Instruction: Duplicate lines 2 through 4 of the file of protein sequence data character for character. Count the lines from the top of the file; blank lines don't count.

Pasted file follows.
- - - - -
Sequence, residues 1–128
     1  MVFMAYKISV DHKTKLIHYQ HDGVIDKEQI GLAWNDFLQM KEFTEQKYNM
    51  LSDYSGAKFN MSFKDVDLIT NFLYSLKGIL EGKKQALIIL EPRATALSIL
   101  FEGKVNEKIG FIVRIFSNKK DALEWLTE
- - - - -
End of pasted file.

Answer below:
     1  MVFMAYKISV DHKTKLIHYQ HDGVIDKEQI GLAWNDFLQM KEFTEQKYNM
    51  LSDYSGAKFN MSFKDVDLIT NFLYSLKGIL EGKKQALIIL EPRATALSIL
   101  FEGKVNEKIG FIVRIFSNKK DALEWLTE